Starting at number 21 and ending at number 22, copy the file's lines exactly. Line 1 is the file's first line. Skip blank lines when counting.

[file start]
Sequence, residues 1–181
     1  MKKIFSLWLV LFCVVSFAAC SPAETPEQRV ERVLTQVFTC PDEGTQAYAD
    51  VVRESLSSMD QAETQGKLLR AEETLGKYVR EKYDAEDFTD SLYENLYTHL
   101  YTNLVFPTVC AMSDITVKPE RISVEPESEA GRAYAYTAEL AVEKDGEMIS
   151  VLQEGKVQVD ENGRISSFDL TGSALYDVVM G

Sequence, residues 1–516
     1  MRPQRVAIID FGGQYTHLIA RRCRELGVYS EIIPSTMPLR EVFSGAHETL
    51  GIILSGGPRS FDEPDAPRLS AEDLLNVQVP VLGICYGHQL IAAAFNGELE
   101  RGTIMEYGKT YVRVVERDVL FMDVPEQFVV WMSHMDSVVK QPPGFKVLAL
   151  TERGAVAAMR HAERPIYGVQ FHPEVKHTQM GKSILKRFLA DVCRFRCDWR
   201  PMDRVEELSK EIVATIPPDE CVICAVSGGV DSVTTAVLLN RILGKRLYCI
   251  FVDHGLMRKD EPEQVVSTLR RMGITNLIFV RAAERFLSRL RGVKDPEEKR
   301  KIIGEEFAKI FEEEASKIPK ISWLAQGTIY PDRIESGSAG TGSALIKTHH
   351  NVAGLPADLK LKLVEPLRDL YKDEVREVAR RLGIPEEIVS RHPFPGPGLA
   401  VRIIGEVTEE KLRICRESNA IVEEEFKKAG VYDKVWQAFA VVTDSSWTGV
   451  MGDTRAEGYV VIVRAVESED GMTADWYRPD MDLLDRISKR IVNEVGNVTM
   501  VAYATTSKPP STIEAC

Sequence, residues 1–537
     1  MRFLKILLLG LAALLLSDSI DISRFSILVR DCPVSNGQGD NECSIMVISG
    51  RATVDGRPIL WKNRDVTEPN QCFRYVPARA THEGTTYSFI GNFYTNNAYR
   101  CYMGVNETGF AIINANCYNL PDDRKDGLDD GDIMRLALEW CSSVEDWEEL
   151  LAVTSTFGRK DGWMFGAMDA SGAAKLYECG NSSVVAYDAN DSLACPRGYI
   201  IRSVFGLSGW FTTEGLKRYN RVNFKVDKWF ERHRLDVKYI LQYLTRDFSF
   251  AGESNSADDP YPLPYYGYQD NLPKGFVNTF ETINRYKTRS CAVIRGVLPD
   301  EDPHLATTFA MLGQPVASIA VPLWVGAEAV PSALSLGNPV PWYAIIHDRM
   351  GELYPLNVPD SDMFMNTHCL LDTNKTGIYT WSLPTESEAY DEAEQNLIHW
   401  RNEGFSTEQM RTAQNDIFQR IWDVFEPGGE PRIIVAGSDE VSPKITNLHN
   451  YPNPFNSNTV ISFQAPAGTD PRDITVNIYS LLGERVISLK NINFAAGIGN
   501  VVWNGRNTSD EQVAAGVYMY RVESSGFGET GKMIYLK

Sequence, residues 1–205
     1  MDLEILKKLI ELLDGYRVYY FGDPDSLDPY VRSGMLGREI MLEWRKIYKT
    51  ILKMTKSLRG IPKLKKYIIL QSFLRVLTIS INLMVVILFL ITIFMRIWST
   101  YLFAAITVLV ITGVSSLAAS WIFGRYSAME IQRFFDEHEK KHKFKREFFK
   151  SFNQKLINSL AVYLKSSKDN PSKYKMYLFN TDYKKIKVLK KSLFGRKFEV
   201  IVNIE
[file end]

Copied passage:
   101  CYMGVNETGF AIINANCYNL PDDRKDGLDD GDIMRLALEW CSSVEDWEEL
   151  LAVTSTFGRK DGWMFGAMDA SGAAKLYECG NSSVVAYDAN DSLACPRGYI